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9 Ways to Market Your Book With No Money

by | Jun 17, 2011

Recently the good folks at BookBuzzr.com, a company with innovative book marketing programs, asked me to do an interview for them, and of course I agreed. This article is adapted and expanded from part of that interview.

If you are an author with a minuscule marketing budget, how can you ensure that your book is noticed at the time of the book launch?

This is a terrific question, and one that applies to many authors. With the tools so readily available, it’s tempting to simply push books out there, upload them to Kindle and wait for the orders to come in.

But it rarely works out that way. Inevitably authors come to understand that nobody is going to market their book for them. It takes a kind of dedication to continue to find ways to let people know about your book. You can get off to a good start with a book launch.

Book Launches for Fun and Profit

Book launch is an exciting, terrifying and exhausting time for self-publishers. As an author you might have thought your work was done when the manuscript was finished, but the publisher knows the hard work is only starting.

Self-publishers are in a good position to market their books, regardless of the budget involved. You know your book better than anyone. You also know the people who are likely buyers of the book, and what other books deal with the same subject.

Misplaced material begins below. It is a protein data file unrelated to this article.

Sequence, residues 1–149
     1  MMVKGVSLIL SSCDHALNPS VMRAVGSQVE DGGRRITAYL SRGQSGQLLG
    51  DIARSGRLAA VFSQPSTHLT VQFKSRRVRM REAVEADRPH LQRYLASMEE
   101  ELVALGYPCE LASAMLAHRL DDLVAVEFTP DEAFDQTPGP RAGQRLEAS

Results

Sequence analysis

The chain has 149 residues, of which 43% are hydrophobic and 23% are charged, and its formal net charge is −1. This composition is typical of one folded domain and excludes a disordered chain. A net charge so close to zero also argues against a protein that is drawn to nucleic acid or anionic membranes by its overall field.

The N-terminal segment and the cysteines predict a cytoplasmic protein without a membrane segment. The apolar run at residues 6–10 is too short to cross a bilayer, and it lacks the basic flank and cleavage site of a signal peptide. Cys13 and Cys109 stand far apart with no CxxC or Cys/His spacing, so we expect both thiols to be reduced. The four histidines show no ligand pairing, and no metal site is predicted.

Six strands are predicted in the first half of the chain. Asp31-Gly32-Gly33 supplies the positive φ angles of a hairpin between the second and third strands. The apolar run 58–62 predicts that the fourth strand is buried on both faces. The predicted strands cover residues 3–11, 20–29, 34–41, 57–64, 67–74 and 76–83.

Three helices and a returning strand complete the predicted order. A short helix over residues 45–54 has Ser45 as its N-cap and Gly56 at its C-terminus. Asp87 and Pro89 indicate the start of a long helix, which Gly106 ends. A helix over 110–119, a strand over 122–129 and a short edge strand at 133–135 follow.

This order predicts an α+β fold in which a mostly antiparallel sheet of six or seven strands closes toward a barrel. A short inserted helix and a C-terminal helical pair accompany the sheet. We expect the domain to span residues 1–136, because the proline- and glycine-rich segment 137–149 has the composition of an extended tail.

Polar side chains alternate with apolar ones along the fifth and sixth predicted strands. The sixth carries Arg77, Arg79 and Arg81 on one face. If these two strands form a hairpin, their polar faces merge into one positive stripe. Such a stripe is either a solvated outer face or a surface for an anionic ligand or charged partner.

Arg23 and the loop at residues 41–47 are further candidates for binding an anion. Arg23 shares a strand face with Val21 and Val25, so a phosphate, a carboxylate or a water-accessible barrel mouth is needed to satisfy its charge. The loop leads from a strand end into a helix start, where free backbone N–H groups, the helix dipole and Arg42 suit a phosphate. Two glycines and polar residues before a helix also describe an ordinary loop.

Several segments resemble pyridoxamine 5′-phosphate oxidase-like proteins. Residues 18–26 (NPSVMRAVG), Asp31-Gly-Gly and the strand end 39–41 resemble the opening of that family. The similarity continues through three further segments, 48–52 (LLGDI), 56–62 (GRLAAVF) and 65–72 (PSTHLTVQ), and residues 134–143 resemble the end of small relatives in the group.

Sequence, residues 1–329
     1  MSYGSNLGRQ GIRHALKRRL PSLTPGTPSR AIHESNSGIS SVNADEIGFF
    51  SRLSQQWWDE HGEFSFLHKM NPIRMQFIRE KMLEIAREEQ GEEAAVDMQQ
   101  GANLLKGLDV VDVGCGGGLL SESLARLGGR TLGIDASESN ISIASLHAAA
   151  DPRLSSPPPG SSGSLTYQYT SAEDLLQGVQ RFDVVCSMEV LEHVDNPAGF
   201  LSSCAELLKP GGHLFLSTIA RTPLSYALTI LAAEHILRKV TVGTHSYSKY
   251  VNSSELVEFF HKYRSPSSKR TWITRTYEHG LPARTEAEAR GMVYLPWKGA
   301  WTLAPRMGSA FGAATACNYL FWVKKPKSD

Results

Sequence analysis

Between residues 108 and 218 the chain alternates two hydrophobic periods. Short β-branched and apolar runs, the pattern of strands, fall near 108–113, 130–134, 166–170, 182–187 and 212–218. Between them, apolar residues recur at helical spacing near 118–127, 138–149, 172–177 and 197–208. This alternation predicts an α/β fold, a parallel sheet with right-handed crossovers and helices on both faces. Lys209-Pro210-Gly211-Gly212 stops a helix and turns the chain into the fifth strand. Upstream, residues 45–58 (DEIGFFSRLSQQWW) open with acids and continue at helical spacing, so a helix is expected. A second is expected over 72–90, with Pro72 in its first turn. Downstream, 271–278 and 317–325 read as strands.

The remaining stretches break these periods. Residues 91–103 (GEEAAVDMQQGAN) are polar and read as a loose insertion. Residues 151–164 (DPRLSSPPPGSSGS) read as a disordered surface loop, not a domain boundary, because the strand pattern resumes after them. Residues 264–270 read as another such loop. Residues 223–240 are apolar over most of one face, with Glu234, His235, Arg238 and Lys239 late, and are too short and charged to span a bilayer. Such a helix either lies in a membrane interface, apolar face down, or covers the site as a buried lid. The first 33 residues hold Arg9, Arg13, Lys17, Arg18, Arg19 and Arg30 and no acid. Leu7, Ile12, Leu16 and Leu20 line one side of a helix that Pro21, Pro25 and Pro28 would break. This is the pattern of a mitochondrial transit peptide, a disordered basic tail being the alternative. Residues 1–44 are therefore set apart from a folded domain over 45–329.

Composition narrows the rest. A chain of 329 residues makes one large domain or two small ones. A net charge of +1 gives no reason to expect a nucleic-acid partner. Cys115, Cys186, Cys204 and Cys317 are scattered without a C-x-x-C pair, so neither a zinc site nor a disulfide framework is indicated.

As you consider your book launch, think about two things:

  • Who are the people who will benefit most from your book?
  • How can you communicate those benefits most effectively to those people?

9 Ways to Market Your Book For No Money

If you know who the people are, you just need to figure out how to communicate. Hey, you’re an author, a content creator. This won’t be that hard.

Not only that, many of the best communication methods we have cost nothing but your time. Here are some examples:

  1. Writing articles for publication on article sites or in offline media
  2. Participating in discussions in online forums about your book’s subject
  3. Communicating with the media by issuing regular media releases
  4. Curating content from other sources for people in your niche
  5. Creating content for publication by bloggers in your field
  6. Going on a blog tour and visiting blogs in your niche
  7. Sponsoring contests and giveaways, using your book as a prize
  8. Querying book bloggers and reviewers to see if they will review your book
  9. Setting up a mailing list for people interested in your work, and using it to communicate ideas that expand on your other communications

This list could go on. Although there’s no financial cost to these activities, each one will support your image as an expert in your field and put you in contact with networks of people interested in your subject. And each place you make a contribution is somewhere else people can find out about your book.

That’s where book marketing meets the real world. There’s nothing more valuable than the contact you have with readers of your content. And there’s no more efficient way to spread your message than through the networks of other people interested in your work.

In a sense, your book launch may never end. We will probably never run out of communities to communicate with about our work. And when you publish your next book, think how much ground will already be prepared for your book marketing efforts.

Photo by Dan Moyle

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